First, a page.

Production loans help close the capitalization gap

In addition to drilling, completion and power generation projects for electricity, oil and gas operators in the Permian Basin need capital to finance their activities. And financing has been difficult as investors increasingly avoid oil and gas or focus primarily on larger deals.

Companies like Production Lending LLC, which recently closed its largest investment to date, stepped in to meet those needs, a $35 million loan to a private company based in Midland that will allow the company to drill and complete six horizontal wells in the northern Midland Basin.

Abhishek Kumar, who founded Production Lending in Houston in August 2016 with Ryan Childs, said former energy investment bankers started the company because they saw a gap in the market.

He told the Reporter-Telegram in a phone interview that from 2014 new regulations made it difficult for banks to provide oil and gas financing to small businesses. Now, he said, even loans between $25 million and $35 million are restricted.

“Throughout our journey, we have realized that the problem oil and gas companies face in accessing capital has gotten worse, even as prices rise.”

“It’s a combination of multipliers,” Kumar said. “First, a lot of people lost capital with the boom and bust cycle, like 2008-2009. Second, there was the change in sentiment among people and politically after 2020. Third, COVID was the final nail – prices fell so low, a lot of talent in the oil and gas industry left and funds chose to go into energy transition and companies renamed energy transition because it was easier to raise capital.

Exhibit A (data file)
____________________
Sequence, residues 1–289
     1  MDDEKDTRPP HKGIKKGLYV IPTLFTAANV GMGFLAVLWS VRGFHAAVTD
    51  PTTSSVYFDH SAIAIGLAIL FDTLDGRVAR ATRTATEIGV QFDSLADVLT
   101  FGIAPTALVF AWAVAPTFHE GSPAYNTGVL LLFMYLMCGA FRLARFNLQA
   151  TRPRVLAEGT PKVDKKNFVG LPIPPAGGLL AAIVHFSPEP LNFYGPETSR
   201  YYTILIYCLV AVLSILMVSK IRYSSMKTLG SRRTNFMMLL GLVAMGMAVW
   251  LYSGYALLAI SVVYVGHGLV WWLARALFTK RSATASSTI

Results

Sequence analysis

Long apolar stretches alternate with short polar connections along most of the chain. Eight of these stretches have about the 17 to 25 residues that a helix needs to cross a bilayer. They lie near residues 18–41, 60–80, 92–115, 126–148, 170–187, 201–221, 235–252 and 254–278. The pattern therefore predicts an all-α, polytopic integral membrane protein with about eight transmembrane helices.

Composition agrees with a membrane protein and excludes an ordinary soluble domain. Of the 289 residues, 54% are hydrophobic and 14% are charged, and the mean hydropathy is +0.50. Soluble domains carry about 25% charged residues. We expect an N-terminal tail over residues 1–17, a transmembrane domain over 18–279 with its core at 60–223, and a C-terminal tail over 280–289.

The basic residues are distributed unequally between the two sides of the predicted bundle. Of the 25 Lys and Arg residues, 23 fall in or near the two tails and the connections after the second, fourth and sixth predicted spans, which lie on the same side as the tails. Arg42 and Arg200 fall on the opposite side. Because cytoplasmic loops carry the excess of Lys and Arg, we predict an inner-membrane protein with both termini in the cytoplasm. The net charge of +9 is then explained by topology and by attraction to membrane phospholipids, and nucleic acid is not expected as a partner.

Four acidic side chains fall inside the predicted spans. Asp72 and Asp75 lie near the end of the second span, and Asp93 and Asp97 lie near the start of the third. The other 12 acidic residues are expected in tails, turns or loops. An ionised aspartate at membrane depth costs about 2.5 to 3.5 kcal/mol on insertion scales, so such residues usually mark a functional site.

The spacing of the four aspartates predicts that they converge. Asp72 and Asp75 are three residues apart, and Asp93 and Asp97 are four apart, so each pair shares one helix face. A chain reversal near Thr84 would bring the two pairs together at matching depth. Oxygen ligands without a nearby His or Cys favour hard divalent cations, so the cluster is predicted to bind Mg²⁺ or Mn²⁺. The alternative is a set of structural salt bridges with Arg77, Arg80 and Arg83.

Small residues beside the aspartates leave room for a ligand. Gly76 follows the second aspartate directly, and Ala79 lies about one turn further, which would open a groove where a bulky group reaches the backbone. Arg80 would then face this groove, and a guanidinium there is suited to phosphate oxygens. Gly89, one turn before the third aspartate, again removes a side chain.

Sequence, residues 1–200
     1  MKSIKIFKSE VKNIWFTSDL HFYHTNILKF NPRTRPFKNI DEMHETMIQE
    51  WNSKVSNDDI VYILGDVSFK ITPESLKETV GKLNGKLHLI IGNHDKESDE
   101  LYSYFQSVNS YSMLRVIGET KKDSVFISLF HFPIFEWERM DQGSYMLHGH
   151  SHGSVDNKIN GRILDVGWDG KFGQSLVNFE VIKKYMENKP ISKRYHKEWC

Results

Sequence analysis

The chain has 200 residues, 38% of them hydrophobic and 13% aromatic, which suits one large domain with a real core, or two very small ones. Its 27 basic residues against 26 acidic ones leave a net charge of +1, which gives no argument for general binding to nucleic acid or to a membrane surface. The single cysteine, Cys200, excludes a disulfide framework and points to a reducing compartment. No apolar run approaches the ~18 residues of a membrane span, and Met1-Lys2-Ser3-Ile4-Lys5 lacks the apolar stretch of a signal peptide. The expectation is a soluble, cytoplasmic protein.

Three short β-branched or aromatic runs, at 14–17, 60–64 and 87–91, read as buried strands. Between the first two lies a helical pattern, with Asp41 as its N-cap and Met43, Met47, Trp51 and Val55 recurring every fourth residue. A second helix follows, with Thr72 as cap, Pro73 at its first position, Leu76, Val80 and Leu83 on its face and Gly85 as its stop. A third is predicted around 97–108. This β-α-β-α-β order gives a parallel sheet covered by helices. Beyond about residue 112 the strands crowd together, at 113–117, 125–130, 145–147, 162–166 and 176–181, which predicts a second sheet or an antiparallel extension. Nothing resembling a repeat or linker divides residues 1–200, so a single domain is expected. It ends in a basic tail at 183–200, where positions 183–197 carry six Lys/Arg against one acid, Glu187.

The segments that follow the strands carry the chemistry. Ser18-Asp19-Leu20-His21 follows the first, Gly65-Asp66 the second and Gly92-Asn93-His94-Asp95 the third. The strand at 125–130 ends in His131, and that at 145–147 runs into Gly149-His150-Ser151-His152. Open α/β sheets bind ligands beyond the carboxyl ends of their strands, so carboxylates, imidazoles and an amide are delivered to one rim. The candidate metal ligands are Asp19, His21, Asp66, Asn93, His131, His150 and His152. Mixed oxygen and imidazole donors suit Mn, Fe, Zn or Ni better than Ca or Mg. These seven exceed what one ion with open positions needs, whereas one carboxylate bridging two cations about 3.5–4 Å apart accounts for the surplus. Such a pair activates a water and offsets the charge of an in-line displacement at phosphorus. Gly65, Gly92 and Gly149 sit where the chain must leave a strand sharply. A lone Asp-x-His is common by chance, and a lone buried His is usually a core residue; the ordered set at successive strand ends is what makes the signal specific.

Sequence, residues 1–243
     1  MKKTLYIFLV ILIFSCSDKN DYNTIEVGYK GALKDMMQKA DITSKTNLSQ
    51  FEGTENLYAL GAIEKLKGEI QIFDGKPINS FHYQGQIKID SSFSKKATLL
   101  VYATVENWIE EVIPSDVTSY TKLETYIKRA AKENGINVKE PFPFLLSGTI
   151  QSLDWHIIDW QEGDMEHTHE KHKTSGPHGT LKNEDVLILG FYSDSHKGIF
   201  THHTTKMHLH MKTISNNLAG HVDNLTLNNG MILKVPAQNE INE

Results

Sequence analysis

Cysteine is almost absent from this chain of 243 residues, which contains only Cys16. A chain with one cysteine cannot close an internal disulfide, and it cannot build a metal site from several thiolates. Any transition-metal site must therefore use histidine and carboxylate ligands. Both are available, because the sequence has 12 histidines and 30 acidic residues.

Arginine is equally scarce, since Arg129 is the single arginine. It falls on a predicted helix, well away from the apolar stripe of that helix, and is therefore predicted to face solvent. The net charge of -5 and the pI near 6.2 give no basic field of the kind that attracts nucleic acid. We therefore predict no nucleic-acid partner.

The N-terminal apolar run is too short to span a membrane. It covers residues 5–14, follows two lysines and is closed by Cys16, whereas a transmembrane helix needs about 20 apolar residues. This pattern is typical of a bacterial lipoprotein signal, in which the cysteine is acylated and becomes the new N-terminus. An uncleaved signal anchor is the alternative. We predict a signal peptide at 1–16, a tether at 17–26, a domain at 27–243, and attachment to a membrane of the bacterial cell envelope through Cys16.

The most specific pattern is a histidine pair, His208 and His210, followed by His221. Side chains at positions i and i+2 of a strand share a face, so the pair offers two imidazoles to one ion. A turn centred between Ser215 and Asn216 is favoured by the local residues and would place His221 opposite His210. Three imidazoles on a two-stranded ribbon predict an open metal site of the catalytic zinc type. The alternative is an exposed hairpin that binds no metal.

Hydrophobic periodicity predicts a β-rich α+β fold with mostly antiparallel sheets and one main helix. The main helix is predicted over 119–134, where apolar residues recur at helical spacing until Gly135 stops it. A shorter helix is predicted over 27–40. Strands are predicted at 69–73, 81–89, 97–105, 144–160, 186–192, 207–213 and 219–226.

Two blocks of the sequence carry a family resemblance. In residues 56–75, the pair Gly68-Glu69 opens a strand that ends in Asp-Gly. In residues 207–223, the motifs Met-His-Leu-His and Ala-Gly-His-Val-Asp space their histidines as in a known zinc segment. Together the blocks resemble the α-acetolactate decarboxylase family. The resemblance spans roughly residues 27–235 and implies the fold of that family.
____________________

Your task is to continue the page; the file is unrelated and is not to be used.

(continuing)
Since its inception six years ago, he said the company has completed more than 40 transactions. Although he said the company was “agnostic” about where it does deals, a number of them were in the Permian Basin – both the Midland and Delaware Basins – as well. than in Utah, Louisiana, and the conventional areas of eastern and southern Texas. Last year, he said, the company secured its first offshore deal.

The recently closed $35 million investment is the company’s largest, and even at this level the company hasn’t seen much competition from other potential investors.

Kumar said the company is unlikely to do deals above $35 or $40 million, preferring to focus on what he called its “bread and butter” of deals between $5 million and $15 million.

“We want to find the right partners that we can do recurring business with,” he said. “Going forward, we want to continue supporting strong operators who have great work ethics and add value.”

“I think a lot of people are realizing what was predicted in 2020 and in 2021 – the demise of oil and the global transition to alternative fuels turned out to be completely wrong,” he said. “It has been clearly established that the world has a strong demand for oil, gas and energy (and) there have been years of underinvestment,” he said.

For the first time in his energy banking career, he said, he thinks the future of energy financing is bright because oil and gas aren’t going anywhere.

“There’s a lot of demand for our product,” he said.

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